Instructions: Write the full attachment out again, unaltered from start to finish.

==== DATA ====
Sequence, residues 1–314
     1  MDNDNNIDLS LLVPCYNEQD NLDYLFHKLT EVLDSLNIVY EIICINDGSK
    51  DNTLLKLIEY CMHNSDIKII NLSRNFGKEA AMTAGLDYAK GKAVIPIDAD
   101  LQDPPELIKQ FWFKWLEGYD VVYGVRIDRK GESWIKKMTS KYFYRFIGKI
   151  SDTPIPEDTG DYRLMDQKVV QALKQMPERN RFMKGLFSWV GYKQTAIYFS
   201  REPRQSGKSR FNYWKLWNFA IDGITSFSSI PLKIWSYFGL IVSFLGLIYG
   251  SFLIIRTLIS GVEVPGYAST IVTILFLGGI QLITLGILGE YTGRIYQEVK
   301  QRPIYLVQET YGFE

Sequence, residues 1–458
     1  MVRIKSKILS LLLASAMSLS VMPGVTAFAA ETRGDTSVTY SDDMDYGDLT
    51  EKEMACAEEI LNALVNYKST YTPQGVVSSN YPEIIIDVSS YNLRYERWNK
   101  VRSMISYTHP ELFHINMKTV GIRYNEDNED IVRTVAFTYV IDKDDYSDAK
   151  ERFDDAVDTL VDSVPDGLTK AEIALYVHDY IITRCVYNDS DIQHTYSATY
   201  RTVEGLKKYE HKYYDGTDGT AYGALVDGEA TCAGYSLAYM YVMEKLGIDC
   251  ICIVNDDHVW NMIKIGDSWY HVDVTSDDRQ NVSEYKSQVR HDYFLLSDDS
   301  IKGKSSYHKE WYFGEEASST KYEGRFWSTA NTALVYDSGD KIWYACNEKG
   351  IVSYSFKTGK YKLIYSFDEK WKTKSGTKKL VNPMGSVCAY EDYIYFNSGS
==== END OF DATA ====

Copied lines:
Sequence, residues 1–314
     1  MDNDNNIDLS LLVPCYNEQD NLDYLFHKLT EVLDSLNIVY EIICINDGSK
    51  DNTLLKLIEY CMHNSDIKII NLSRNFGKEA AMTAGLDYAK GKAVIPIDAD
   101  LQDPPELIKQ FWFKWLEGYD VVYGVRIDRK GESWIKKMTS KYFYRFIGKI
   151  SDTPIPEDTG DYRLMDQKVV QALKQMPERN RFMKGLFSWV GYKQTAIYFS
   201  REPRQSGKSR FNYWKLWNFA IDGITSFSSI PLKIWSYFGL IVSFLGLIYG
   251  SFLIIRTLIS GVEVPGYAST IVTILFLGGI QLITLGILGE YTGRIYQEVK
   301  QRPIYLVQET YGFE

Sequence, residues 1–458
     1  MVRIKSKILS LLLASAMSLS VMPGVTAFAA ETRGDTSVTY SDDMDYGDLT
    51  EKEMACAEEI LNALVNYKST YTPQGVVSSN YPEIIIDVSS YNLRYERWNK
   101  VRSMISYTHP ELFHINMKTV GIRYNEDNED IVRTVAFTYV IDKDDYSDAK
   151  ERFDDAVDTL VDSVPDGLTK AEIALYVHDY IITRCVYNDS DIQHTYSATY
   201  RTVEGLKKYE HKYYDGTDGT AYGALVDGEA TCAGYSLAYM YVMEKLGIDC
   251  ICIVNDDHVW NMIKIGDSWY HVDVTSDDRQ NVSEYKSQVR HDYFLLSDDS
   301  IKGKSSYHKE WYFGEEASST KYEGRFWSTA NTALVYDSGD KIWYACNEKG
   351  IVSYSFKTGK YKLIYSFDEK WKTKSGTKKL VNPMGSVCAY EDYIYFNSGS